Women make up an increasingly mighty minority in the trades. Eleven professionals discuss their experience working in the traditionally male-dominated field
In the United States, the trades are booming. However, according to recent data from the National Association of Women in Construction, women make up just 9.9% of the construction industry in the country, with nearly a third of that stat attributed to female sales and office personnel.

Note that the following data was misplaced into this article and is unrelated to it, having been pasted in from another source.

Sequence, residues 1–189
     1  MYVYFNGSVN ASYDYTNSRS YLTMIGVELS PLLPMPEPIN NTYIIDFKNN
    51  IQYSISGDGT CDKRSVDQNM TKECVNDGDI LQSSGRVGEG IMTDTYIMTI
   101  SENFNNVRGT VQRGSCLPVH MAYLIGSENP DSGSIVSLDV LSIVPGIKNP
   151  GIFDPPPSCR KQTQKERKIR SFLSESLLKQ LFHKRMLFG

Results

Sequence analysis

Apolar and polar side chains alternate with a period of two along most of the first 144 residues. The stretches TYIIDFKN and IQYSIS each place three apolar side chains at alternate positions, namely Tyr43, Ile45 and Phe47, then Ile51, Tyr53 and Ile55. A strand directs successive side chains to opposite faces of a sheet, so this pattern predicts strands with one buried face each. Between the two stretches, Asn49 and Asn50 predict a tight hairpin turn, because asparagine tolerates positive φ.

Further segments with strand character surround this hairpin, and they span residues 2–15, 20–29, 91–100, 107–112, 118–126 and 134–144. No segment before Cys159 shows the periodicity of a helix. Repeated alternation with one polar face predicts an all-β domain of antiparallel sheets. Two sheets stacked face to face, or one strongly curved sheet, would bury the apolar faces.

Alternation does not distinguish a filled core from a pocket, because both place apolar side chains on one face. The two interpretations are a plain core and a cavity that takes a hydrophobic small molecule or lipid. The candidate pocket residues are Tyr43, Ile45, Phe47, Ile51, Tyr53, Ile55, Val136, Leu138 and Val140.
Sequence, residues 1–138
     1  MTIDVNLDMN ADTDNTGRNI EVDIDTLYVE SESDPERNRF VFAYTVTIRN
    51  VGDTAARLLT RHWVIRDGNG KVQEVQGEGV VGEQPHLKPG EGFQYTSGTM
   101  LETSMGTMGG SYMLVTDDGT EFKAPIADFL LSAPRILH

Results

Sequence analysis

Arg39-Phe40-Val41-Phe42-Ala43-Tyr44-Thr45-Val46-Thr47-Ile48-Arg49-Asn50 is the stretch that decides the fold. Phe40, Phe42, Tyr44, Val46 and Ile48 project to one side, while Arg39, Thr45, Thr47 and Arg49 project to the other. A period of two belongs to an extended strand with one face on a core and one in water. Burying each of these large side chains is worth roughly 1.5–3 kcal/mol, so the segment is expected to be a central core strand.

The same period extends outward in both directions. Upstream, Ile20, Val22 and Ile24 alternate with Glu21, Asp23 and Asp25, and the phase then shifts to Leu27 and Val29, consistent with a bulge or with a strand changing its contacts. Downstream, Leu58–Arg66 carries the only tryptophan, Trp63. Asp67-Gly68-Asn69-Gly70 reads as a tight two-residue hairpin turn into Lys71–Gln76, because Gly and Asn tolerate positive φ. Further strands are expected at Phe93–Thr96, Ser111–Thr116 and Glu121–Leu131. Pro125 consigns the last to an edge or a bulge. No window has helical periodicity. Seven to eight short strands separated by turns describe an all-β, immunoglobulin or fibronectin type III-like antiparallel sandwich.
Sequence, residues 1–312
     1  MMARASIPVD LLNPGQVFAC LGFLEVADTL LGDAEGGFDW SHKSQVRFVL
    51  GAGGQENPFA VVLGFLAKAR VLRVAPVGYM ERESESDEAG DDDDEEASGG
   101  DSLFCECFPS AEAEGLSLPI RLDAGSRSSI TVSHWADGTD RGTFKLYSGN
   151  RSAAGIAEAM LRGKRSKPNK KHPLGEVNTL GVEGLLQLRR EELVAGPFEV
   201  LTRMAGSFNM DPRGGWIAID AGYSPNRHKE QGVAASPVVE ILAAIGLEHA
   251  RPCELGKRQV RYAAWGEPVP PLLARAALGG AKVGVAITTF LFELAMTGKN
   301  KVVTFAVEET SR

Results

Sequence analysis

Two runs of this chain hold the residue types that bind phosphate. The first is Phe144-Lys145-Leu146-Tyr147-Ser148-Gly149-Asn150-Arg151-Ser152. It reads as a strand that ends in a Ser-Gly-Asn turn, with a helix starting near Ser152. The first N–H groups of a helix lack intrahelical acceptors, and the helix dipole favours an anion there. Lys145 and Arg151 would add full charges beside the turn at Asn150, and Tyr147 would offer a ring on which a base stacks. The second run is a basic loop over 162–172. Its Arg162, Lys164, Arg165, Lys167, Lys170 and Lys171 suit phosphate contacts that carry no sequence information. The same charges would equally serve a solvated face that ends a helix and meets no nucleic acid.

To those women seeking to break into the trades, one roadblock can be the intimidation of learning on a job where they are likely the only female. In 2014, in Detroit, Samantha Farrugia set out to narrow the gender gap by founding Women Who Weld, a nonprofit that offers subsidized, and in some cases free, courses to participants who want to learn that skill—then helps place them with employers after they complete the training. The American Welding Society projects that by 2025, there will be a need for some 400,000 jobs in welding, and yet females only represent 5.3% of the current workforce.
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